14. The film has three very distinctive ‘sections’ (don’t want to call them Acts), each separated by a revelation and an key event, and it’s the first section that felt the most fascinating, when each of the main characters is ambiguous and as a viewer we’re pretty much flummoxed as to who to believe or emotionally engage with. It’s slippery and very compelling. And frankly, Affleck is only interesting when he might be guilty. This ‘honeymoon’ period ends – spoiler alert – as soon as Affleck finds the gear in the woodshed, the cops find the diary, and we discover Pike’s alive (and merrily telling us how she did it). The Hitchcockian move (I think) would have been NOT to show Pike alive at that point, but to have Affleck developing his theory of how she’s alive and framing him, but to keep us (and everyone else) suspicious that he’s just spinning more lies to cover up her murder. Then, half an hour later, when everyone’s completely given up on him (including the audience), Pike pulls up at the house alive and covered in blood! And that’s when we finally rewind to see events from her POV and push forward to Doogie Howser’s House of Cameras and onwards…

  15. Here’s where spoilers can be dangerous… I found the first act least interesting, because I knew, o strongly suspected, where it was going, so extending that mystery would have made the film less interesting to me and more dependant on a late twisteroo.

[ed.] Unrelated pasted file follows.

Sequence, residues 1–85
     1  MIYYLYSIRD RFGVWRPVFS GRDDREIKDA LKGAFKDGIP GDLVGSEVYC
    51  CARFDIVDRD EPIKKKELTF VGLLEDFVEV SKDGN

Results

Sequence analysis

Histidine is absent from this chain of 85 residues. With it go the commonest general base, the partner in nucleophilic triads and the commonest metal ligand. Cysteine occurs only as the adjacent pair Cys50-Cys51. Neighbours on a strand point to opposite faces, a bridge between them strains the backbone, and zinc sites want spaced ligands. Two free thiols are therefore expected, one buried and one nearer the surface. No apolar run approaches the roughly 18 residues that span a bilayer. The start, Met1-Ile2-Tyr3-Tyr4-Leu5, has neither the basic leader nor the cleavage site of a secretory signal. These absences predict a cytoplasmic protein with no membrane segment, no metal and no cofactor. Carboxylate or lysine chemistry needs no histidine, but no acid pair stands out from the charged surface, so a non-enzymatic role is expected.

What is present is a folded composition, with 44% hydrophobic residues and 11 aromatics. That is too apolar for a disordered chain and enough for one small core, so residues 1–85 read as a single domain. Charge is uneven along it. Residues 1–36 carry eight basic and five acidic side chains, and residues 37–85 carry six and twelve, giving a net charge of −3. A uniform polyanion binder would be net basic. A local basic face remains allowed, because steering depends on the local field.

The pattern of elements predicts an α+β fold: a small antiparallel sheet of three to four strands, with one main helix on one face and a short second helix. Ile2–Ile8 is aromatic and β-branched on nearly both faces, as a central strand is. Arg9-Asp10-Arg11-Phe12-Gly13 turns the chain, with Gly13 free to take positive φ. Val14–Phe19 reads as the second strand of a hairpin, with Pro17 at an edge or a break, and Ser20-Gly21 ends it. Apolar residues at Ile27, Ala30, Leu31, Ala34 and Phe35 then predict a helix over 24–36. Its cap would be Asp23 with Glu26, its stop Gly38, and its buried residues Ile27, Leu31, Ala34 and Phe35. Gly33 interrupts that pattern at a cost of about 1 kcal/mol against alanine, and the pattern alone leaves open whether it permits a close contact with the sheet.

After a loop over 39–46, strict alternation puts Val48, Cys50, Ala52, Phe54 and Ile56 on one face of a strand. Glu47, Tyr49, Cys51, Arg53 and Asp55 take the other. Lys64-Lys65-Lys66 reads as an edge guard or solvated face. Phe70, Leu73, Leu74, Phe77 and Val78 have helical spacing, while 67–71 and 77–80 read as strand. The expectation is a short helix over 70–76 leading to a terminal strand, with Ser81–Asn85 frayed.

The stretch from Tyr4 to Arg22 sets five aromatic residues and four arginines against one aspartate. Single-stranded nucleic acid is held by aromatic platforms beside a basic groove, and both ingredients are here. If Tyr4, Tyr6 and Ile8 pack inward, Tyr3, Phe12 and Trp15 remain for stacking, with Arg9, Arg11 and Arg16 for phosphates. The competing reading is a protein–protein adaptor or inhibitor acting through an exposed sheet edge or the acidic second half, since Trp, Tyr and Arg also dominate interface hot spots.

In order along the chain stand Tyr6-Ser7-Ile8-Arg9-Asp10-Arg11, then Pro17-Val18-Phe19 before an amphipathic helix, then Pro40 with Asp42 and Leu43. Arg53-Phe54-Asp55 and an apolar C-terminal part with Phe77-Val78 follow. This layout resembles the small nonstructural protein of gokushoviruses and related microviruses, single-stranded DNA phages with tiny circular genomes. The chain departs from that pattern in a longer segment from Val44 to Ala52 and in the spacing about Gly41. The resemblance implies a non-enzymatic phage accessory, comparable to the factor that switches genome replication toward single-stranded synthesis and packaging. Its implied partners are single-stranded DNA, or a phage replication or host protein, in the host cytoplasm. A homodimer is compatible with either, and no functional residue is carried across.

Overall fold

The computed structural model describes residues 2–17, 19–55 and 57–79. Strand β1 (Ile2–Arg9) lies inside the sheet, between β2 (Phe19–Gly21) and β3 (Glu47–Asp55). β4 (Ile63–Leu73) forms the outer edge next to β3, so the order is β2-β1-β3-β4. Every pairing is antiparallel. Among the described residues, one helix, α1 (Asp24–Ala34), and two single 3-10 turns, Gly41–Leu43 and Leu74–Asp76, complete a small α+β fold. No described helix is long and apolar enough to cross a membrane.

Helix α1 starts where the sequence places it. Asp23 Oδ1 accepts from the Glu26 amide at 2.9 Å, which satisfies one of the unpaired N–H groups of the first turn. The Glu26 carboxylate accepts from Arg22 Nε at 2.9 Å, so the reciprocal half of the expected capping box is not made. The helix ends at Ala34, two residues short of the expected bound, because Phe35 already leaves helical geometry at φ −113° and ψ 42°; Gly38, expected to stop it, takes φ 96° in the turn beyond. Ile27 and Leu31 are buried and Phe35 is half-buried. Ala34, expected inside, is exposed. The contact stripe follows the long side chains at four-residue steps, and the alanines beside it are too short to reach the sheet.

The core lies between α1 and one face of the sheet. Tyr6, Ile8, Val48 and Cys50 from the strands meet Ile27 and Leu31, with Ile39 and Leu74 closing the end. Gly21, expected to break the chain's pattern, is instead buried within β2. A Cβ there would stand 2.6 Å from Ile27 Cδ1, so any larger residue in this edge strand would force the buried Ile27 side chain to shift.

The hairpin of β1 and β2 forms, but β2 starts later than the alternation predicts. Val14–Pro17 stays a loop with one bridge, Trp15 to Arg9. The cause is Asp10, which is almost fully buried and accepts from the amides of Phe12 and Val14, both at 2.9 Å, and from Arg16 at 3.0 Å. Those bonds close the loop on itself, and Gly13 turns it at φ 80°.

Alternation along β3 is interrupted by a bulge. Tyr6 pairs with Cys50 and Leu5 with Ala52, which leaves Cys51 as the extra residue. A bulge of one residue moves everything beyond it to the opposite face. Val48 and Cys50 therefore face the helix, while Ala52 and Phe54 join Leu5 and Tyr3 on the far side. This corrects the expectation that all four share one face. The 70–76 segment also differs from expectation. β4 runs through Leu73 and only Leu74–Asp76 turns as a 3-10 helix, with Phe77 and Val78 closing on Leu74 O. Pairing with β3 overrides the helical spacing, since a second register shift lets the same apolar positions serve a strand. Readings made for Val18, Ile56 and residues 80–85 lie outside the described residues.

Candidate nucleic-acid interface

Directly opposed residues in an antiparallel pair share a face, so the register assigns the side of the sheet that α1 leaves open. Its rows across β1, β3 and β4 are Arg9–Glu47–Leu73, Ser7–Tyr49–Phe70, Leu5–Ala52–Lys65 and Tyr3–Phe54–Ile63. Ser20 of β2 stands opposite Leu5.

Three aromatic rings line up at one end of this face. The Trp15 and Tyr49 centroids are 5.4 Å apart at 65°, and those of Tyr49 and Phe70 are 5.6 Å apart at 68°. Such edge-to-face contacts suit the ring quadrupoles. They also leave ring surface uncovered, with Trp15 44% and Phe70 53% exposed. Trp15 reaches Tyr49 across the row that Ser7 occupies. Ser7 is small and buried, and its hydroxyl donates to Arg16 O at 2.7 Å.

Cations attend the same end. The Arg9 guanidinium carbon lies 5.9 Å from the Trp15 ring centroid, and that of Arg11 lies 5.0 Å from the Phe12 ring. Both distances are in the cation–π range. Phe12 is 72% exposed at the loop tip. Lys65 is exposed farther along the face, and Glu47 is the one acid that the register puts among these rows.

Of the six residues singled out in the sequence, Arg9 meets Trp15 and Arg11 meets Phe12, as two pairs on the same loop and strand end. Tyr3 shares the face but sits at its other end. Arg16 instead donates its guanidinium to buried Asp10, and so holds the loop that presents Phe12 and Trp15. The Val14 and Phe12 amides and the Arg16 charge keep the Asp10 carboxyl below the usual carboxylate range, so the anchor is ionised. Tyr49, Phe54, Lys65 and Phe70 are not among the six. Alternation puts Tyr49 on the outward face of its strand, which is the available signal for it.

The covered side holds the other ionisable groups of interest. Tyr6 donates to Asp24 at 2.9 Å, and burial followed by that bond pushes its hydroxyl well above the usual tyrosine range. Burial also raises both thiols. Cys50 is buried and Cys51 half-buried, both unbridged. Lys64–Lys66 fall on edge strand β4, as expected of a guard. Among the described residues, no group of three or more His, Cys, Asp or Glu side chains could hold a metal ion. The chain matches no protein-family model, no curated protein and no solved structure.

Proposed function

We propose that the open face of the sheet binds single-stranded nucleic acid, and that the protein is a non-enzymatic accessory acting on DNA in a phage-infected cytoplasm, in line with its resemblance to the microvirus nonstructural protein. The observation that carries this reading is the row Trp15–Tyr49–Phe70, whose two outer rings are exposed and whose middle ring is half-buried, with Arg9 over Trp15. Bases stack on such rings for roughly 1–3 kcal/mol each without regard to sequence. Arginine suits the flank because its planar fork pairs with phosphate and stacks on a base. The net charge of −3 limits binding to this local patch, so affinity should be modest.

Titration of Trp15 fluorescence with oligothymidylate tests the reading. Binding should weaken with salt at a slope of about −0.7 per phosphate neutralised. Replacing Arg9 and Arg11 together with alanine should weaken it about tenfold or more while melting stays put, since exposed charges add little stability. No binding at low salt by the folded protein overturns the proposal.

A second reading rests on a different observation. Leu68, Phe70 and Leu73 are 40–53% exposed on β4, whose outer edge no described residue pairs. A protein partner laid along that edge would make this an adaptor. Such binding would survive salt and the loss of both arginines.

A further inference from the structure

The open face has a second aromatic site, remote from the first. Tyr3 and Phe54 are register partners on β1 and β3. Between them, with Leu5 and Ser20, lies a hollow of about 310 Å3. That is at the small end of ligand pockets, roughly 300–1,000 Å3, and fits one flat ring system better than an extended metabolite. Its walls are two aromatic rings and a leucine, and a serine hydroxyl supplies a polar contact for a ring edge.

I was quite a lot more interested in Affleck’s present-tense predicament that in Amy’s backstory (I think a faked-up tale of abuse ought to go further, be more disturbing, and this felt thin).

    The seven year diary — one has to presume that the first six years are simply a real diary. If the movie contradicts this, that’s silly. Experts can spot faked diaries easily because of the signs of writer’s fatigue, btw.

    Maybe the “fantastic vagina” is evidence of Affleck’s crassness (he writes for a men’s mag) and we’re meant to be put of a little?

    I do think you’re onto something, Simon, in that there’s enough consistency to the women being mean about each other for us to suppose that the author’s voice and attitudes are coming through. So Flynn enjoys women being bitchy, and Fincher laps that stuff up.

    But where is a single positive male character of any prominence to make this one-sided?

    It is probably impossible to tell stories of this kind while appearing wholesome. If you swap the genders, you have something like Fassbinder’s Martha and you’re still in trouble.

  16. Yeah – I went in cold, having missed the book and avoided any reviews. In fact the only ‘spoiler’ I’d seen was the publicity photo shoot of Affleck with Pike’s pale ‘corpse’, so I was pretty much convinced she was dead…

  17. That would do it!

    Affleck’s mediocrity as a character is kind of the point. He has a marginal claim on our sympathies because of the media cruelty — injustice is a powerful hook — but on the whole, his wife is a more compelling and attractive character, despite her evil.

  18. The seven year diary — one has to presume that the first six years are simply a real diary. If the movie contradicts this, that’s silly. Experts can spot faked diaries easily because of the signs of writer’s fatigue, btw.

    Amy’s VO explicitly says that the entire diary is invented. She wrote it over the course of a full year, however, and I doubt that would provide any writer’s fatigue for experts to spot. (It wasn’t seven years’ worth of daily or even weekly entries; she was probably writing about one per day.)

  19. I’m sure we see her buy the dairy and a whole series of pens and start writing from scratch as part of her plan. Like disguising yourself by hitting yourself in the face with a hammer, it is silly.